A Little Prevention Can Save A Lot Of Heartbreak When It Comes To Heartworm

Heartworm is a problem in all fifty states and across a number of species but today we’re talking about dogs specifically. In New England the risk of contracting the disease is considered mild to moderate.  Below we’ve put together a handy primer on what heartworm is and why it’s important to protect your pup from it by using prevention.  Remember to always consult your vet before starting a medication on your pet!

What Is Heartworm?

Heartworm disease is caused by a parasite called Dirofilaria immitis.  It’s transmitted by mosquitoes which bite an infected animal like other dogs, coyotes or raccoons, pick up larvae along with the blood meal, and then transfers those larvae to your pet when it bites them.  The parasite larvae enter the bloodstream through the bite and make their home in the heart, lungs, and associated blood vessels, where they develop into full-fledged worms. Disease transmission is similar to the tick-borne transmission of Lyme disease.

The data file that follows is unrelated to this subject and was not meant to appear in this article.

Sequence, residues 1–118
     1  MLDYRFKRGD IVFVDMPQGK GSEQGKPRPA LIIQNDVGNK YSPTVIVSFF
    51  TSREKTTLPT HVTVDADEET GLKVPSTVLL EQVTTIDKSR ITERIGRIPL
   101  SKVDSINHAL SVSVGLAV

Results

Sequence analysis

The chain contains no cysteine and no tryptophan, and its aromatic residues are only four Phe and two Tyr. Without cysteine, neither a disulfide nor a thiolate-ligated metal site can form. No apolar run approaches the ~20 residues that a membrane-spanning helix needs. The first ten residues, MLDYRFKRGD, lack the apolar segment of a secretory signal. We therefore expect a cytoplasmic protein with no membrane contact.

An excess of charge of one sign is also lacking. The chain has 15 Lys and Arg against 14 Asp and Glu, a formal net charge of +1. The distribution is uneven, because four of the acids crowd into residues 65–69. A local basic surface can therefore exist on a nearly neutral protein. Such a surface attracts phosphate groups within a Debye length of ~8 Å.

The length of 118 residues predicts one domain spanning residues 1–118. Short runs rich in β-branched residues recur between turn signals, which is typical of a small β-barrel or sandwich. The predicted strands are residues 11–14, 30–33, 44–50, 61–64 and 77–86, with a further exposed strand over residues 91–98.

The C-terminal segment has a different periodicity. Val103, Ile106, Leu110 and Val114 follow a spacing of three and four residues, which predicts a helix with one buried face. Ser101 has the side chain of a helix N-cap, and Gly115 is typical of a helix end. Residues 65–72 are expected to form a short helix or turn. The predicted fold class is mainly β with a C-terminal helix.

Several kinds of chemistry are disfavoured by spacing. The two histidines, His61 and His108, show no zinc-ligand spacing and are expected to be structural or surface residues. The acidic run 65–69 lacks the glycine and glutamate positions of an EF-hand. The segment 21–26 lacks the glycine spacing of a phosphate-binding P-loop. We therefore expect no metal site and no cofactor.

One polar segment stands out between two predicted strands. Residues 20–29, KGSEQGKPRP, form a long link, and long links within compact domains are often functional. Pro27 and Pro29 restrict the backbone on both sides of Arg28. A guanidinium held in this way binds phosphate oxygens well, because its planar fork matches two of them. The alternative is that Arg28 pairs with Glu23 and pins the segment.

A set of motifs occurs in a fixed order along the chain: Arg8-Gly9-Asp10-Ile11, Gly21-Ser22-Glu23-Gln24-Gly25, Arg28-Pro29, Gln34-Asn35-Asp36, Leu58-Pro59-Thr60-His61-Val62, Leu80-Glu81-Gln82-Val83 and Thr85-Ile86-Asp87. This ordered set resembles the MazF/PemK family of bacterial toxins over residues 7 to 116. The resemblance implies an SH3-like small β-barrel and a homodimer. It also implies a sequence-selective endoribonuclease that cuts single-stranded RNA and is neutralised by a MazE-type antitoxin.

When a dog contracts heartworm the larvae hatch, grow, and reproduce until the dog is hosting hundreds of adult worms. These worms clog up the heart, lungs, and larger arteries, multiplying and causing long-lasting damage.  If left untreated, the worms will eventually kill the host. Heartworm disease is difficult to treat once contracted but can be successfully prevented with medication.  

What Are the Symptoms of Heartworm in Dogs?